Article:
Follow a recipe for baking bread, and you will see that in step 5 you must wait for your bread to rise. For only a few moments, but you must wait or you will risk the ruin of the bread. Alas, this is but the first of two rises. In step 7, you must wait ten times longer for the second rise.
Oh, but you hate to wait! You have places to go and things to do. Your time is precious to you. But, you want fresh-baked bread, so you wait for the rise before you complete the 8th and final step: Bake the bread. You must wait for 30-40 minutes during the bake. Agony! Maybe it doesn’t really have to bake that long? You can smell the mouth-watering fragrance of the bread as it bakes in your oven. In your mind, you dribble melted butter onto your golden brown culinary creation, then plow your mouth into it with ravenous toothy abandon. Yum! No, wait… Yuck! Your bread tastes like dough, and it looks like a deflated football.
You did not wait long enough during the second rise. The baking killed off the yeast before the bread fluffed up. The taste that you wanted had no chance to catch up with the fragrance that wafted from your oven. In almost every recipe that involves combining fresh ingredients, and the ones that require cooking, exacting measures, purity, and the patience of waiting during certain steps are necessary if you do not want to incur unbounded risk of failure in the final palatable product.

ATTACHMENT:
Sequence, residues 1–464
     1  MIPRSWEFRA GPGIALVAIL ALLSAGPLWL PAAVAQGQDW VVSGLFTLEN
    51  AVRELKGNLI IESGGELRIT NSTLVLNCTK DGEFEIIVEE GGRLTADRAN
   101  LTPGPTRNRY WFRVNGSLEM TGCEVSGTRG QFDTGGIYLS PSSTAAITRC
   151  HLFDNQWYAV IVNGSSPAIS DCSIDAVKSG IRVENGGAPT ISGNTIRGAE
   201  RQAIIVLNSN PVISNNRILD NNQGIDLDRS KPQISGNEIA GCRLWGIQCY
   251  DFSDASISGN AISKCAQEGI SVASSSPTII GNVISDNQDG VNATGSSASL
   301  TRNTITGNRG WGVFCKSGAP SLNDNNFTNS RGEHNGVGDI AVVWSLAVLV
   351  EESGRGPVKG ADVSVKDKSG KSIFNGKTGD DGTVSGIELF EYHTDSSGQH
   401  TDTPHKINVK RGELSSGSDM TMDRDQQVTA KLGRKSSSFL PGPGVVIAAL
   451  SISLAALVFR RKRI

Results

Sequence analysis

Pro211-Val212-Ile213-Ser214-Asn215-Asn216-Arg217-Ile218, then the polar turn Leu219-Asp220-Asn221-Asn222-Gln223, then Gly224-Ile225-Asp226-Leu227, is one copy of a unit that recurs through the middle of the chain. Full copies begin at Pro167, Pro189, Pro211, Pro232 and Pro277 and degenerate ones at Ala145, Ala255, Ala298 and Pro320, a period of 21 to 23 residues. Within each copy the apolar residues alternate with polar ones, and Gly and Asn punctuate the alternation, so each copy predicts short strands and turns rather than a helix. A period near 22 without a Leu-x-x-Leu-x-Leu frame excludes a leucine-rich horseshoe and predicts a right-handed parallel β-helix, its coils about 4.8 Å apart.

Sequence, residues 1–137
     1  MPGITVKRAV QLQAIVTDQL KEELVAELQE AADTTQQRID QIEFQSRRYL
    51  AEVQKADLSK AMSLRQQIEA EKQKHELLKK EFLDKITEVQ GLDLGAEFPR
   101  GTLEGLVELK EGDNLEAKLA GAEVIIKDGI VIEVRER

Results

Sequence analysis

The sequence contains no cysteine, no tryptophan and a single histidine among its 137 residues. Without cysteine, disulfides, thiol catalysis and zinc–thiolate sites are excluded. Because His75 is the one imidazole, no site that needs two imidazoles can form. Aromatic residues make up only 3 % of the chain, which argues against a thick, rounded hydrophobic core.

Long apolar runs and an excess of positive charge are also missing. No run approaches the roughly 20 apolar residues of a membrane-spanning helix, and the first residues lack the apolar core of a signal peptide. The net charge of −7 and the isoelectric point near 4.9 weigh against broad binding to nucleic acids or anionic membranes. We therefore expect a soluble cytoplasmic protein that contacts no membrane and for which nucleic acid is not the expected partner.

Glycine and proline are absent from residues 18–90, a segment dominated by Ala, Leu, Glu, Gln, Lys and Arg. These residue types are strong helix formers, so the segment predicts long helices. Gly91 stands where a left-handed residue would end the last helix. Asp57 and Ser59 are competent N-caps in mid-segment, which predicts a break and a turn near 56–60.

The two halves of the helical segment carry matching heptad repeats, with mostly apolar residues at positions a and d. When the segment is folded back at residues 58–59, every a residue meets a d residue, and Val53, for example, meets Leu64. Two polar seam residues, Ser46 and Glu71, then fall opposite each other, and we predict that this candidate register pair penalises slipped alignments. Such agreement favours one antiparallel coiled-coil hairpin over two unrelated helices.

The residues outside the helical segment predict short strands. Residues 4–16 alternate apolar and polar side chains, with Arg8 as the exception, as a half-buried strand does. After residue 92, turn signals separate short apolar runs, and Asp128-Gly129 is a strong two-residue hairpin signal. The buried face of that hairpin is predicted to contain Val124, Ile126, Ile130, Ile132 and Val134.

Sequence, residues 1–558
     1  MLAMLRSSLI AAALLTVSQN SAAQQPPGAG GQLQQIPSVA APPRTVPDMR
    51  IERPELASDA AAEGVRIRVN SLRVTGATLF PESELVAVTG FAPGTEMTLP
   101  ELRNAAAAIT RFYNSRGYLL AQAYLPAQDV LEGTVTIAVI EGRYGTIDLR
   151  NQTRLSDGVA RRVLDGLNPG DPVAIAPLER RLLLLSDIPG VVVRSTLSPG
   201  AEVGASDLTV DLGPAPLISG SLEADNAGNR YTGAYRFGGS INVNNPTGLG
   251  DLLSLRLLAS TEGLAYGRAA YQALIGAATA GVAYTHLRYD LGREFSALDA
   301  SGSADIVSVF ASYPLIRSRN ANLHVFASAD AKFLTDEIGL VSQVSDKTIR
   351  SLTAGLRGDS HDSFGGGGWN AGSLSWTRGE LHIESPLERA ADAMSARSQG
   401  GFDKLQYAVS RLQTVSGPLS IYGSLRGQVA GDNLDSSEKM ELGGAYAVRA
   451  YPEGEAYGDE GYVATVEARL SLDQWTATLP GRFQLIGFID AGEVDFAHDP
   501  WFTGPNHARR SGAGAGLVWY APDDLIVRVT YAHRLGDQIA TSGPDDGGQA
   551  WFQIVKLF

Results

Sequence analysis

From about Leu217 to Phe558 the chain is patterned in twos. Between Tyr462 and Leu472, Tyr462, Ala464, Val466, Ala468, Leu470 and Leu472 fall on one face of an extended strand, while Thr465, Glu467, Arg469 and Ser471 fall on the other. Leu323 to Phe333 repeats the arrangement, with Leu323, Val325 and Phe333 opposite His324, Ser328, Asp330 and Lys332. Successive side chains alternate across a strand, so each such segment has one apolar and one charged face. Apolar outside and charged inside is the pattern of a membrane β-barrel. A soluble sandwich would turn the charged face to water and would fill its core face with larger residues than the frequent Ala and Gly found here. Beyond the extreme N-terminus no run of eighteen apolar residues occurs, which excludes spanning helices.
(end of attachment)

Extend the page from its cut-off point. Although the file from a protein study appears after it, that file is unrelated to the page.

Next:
Did you know that beyond food preparation, the value of waiting applies to most subjects? You wait in a line of traffic because something happened down the road that must be fixed; the road is not safe now. You wait for days while a loan officer reviews your home loan application. The officer may determine that you do not qualify for the loan (you cannot make such a high monthly payment). If the officer had not taken the time to apply the proper checks and balances, you may have bought a house with costs beyond your means. In the military, a soldier learns to accept long waits during movement as time to rest, to socialize with other soldiers, and to call home. On the battlefield, a plan coupled with ways and means will execute better if the soldiers wait for the enemy to forget that they are there (they no longer expect an attack).
In a verse of the Christian Bible, Jesus is quoted as telling his disciples, “My Father (God) will give you whatever you ask in my name.” (John 16:23). The context for the disciples, and for all of us, is that they (we) should talk to God many times each day (prayer), to show him that we believe in and trust him. Being good and merciful, God gives those who acknowledge him what they want, but only when he knows that what we ask is good for us.